Friday, April 18, 2014

DYNAMO - Eleanor Gustafson - One Free Book

Welcome back, Eleanor. Why do you write the kind of books you do?
My first novel, Appalachian Spring, was “Can you do this?” Turned out to be my best-selling book. Second, Wild Harvest, was, “Okay, you can do it; now write what you know: tree farming.” That one was a good time travel but had a bad ending. Number 3, Middle Night, was a disaster (but had a good ending) and had to be self-published—a fantasy dramatizing the gospel without the use of any religious language. Too raw, and hardly anyone liked it. #4, The Stones, was the life of King David—a joy to write because I have always loved David. Dynamo, releasing this month, blends my dual passions for God and for horses. I write because I have to, and I speak through whatever my perception of God happens to be at the moment. Drama and strong characters are powerful voices in this regard.

Besides when you came to know the Lord, what is the happiest day in your life?
Probably my wedding day, though it rained hard, and the motel room we had been assigned that night already had people in it—still pouring rain, mind you, and no interior corridors, with the clerk long in bed. I could regale you with other honeymoon stories like a mountain climb and eating gasoline-tainted food from a leaky Coleman burner; sharing a single down mummy bag that got soaked from puddled condensation…. The marvel is that our marriage lasted longer than one week. Yet it was a happy time and remains so to this day.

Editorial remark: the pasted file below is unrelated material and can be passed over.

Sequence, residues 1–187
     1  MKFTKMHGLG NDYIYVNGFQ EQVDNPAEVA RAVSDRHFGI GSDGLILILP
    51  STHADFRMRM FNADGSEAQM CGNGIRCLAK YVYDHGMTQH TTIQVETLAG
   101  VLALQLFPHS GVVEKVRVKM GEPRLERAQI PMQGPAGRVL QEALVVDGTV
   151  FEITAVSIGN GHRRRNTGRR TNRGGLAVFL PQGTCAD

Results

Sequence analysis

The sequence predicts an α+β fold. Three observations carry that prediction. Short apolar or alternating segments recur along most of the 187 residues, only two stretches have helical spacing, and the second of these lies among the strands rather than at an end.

How has being published changed your life?
My focus has reverted from parenting and considerable music involvement to my early love of story. Life, however, has gotten increasingly busy with today’s demands for hands-on author involvement in the selling process. My first two books were fun because Zondervan did all the marketing. The fantasy was not fun, but I learned a lot about writing. Good prep for writing the David novel.

What are you reading right now?
A book on abortion by R.C. Sproul.

What is your current work in progress?
A novel called An Unpresentable Glory, the title based on a verse in 1 Corinthians 12:23—“… the parts that are unpresentable are treated with special modesty….” After drinking water, the sick stranger in Linda Jensen’s guest bedroom has to “go,” and Linda holds a jar for him. This hidden, caring act becomes significant when the stranger’s identity is revealed and the awkward incident hits the headlines. It is, she says, an “unpresentable glory.”

What would be your dream vacation?
Another trip to Scotland to visit friends there, then perhaps Iceland and possibly Ireland.

How do you choose your settings for each book?
The needs of my characters determine the setting. The mountain man in Appalachian Spring required mountains—thus West Virginia. Our tree farm is in Vermont, so why not put the time travel there, using the topography I knew so well? David, of course, had to be Israel, and I took the requisite trip. Dynamo with its horse shows had to be centered in a horsey area.